Picture the scene: five amateur chefs working against the clock in the kitchens of a luxury hotel. Their mission: to wow judges with bite-sized portions of food. This was the final of this year's Dim Sum Young Talent Competition, co-organised by Young Post and The Peninsula Hong Kong.
The pressure was on as the new cooks battled to impress four judges and claim the top prize of HK$25,000 and a year's chef apprenticeship at The Peninsula.
The five students from Chinese Culinary Institute donned chef whites, and had their knives at the ready as they prepared to face the final challenge last week.
They were given three hours to prepare and 15 minutes to cook four dim sum dishes.
The judges were the hotel's senior chef, Florian Trento, dim sum ambassador Yip Wing-wah, regional vice-president Rainy Chan, and the SCMP's senior food and wine editor, Susan Jung.
All the ingredients were in stock and prepared for the cooks, but this didn't mean things would be a breeze.
The youngest finalist, Wu Chenglong, a 17-year-old who recently graduated from the Chinese Culinary Institute, joined Michelin star-awarded dim sum restaurant Tim Ho Wan in September.
He wowed the judges, particularly with his signature lotus puff, and claimed victory.
"It's not easy to make, as you can only make the lotus blossom when you have the perfect oil temperature," said the champion.
The judges praised the dish and the budding chef.
"Excellent crunch and delicateness," said Jung. "Puff is one of the most difficult pastries."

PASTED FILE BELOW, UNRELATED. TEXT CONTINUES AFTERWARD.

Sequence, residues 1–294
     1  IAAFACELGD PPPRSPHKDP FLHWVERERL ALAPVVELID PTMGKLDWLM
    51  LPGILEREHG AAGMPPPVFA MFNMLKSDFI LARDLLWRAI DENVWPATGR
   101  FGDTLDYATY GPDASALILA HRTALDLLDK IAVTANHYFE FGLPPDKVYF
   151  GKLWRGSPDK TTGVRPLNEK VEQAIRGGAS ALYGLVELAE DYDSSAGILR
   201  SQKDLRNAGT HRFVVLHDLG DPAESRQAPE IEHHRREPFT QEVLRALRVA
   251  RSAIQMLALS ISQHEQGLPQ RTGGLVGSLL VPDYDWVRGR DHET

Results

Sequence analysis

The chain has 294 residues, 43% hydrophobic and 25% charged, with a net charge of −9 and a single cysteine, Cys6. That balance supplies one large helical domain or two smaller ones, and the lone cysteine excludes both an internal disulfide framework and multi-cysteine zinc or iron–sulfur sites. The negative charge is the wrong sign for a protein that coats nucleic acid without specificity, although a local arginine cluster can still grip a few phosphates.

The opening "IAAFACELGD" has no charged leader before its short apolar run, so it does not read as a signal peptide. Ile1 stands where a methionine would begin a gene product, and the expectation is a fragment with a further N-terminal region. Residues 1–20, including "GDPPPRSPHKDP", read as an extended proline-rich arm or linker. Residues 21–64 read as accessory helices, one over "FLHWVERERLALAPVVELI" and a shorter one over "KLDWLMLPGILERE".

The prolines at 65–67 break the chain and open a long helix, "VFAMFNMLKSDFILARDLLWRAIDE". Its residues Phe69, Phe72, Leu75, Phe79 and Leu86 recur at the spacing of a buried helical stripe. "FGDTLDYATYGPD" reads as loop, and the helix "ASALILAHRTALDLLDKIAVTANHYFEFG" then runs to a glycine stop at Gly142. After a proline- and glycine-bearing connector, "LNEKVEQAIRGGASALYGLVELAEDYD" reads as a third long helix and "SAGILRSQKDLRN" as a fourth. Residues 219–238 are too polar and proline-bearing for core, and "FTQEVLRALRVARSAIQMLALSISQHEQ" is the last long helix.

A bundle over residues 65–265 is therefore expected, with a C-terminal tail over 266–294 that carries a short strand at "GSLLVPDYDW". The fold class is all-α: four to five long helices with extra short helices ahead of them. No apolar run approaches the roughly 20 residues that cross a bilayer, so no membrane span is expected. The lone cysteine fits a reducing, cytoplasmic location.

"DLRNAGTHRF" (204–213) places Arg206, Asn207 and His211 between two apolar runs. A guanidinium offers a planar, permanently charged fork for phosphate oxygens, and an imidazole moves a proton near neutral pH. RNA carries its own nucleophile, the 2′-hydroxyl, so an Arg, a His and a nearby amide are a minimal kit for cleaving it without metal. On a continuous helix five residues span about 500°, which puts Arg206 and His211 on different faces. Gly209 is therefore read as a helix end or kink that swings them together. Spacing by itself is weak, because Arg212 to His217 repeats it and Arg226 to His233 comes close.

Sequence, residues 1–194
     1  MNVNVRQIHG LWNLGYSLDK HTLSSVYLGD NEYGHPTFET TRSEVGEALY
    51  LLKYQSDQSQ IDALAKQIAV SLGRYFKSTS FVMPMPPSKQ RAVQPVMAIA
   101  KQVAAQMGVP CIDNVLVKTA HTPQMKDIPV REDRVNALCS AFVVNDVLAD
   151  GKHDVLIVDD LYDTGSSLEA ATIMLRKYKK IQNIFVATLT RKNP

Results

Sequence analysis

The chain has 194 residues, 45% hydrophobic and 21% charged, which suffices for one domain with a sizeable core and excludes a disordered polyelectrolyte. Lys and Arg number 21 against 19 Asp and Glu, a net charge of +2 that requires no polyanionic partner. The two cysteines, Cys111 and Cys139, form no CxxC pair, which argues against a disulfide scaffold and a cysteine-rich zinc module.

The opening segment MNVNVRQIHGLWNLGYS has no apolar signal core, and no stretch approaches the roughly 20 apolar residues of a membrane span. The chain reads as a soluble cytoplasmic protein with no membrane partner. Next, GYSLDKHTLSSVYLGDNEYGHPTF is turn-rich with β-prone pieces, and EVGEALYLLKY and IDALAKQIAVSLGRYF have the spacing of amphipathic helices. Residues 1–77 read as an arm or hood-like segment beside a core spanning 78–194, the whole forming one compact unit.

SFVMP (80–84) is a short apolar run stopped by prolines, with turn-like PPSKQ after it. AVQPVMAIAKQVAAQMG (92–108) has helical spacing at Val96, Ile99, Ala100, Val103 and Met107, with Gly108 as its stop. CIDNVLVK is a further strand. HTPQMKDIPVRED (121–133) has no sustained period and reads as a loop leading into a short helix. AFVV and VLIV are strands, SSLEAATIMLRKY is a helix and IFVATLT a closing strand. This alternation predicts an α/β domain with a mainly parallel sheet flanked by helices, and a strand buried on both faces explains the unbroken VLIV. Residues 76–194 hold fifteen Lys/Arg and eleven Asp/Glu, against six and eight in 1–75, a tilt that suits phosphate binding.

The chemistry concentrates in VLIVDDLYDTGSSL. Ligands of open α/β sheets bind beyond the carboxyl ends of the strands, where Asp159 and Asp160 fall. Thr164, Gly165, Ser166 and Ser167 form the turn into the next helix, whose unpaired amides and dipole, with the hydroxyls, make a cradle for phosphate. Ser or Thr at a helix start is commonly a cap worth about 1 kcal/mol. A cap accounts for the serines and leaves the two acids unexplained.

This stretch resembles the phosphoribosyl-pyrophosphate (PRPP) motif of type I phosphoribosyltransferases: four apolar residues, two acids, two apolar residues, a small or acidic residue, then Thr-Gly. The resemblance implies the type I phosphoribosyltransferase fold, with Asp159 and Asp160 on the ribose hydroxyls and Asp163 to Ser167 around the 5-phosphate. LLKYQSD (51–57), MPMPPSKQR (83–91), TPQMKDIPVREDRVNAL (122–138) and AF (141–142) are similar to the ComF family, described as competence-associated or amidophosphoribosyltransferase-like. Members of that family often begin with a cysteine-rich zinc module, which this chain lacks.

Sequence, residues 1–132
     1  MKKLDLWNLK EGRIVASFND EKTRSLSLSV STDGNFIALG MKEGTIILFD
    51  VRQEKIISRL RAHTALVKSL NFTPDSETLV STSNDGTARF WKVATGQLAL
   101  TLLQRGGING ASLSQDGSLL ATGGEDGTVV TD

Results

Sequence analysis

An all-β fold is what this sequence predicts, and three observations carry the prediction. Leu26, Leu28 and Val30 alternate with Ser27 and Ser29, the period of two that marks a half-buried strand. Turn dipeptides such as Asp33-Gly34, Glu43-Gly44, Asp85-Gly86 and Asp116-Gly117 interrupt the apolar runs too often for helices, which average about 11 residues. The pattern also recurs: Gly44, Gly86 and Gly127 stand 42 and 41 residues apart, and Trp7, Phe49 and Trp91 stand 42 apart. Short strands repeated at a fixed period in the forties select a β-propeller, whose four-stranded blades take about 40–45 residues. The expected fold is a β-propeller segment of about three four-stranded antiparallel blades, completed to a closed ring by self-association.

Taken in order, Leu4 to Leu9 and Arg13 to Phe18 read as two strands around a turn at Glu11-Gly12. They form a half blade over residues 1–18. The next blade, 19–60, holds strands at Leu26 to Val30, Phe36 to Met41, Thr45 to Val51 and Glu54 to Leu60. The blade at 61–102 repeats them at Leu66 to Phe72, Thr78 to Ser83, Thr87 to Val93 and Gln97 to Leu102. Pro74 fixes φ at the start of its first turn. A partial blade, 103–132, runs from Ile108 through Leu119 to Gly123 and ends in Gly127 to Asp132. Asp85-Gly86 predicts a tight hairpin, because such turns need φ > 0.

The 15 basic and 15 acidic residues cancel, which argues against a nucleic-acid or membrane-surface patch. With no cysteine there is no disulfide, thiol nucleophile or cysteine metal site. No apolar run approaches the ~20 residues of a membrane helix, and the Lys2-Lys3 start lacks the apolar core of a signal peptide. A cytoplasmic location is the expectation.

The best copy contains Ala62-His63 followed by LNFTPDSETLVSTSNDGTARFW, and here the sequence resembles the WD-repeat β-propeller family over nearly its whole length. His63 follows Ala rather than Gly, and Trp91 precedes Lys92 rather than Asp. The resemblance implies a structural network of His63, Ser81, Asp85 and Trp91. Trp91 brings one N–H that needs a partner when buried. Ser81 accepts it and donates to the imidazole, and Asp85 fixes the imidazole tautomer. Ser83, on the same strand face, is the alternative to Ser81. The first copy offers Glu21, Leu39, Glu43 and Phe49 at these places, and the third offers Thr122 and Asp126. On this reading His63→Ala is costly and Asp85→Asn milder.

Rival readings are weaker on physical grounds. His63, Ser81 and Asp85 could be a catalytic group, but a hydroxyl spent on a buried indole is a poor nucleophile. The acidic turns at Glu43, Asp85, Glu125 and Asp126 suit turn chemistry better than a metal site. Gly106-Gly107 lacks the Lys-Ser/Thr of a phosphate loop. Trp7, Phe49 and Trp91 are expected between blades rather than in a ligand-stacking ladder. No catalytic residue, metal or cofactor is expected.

Trento was impressed by Wu's shrimp dumplings.
"The skin is thin and fine. It's like something you'd be served in a restaurant," he said, adding that Wu's food had the best seasoning and level of workmanship.
Wu started working towards his dream of becoming a dim sum chef after he finished Form Three.
"My parents never stopped me pursuing my dream of becoming a chef. The way they see it: it's my life at the end of day," he said.
Dim sum tricks weren't the only useful skills the finalists learned in the competition's workshops.
Wu said he gained more confidence by having to present his dishes to judges and explain his techniques.
Time management was another crucial aspect of the competition. Wu showed his talent by finishing ahead of time and using the last 10 minutes to clean up his preparation area, washing the chopping board, and making sure everything was tidy and in order. His fellow contestants weren't so composed.
One of the finalists only managed to complete two dishes. Even first runner-up Yau Wing-ki, 19, panicked as time slipped away.
"My hands started to shake when the judge reminded it was the last 20 minutes," she said.
Even though dim sum involves many traditional cooking techniques, Yau thinks it still provides a lot of space for creativity.
"You can take inspiration from a whole lot of other countries' cuisines and create new dim sum dishes," she said.
One of the inventions she presented was a purple potato bun. Inspired by her love of purple potato, she cut the spuds into cubes, mashed them for a filling, and gave the bun an eye-catching half-white, half-purple skin.
Yip thought the bun was highly creative, even though the taste wasn't as strong as it could have been.
Nevertheless, Yip emphasised that Yau's creativity earned her high scores from the judges. "It requires original ideas to excel in dim sum. Alongside being able to master the traditional items, we appreciate when chefs develop their own ideas using unconventional ingredients."
The contest was as much of a challenge for the judges as it was for the finalists: they had to try nearly 20 dim sum dishes before making the final decision.
"It's hard work as I wanted to keep an open mind and be fair … but it was a lot of fun, too," said Trento.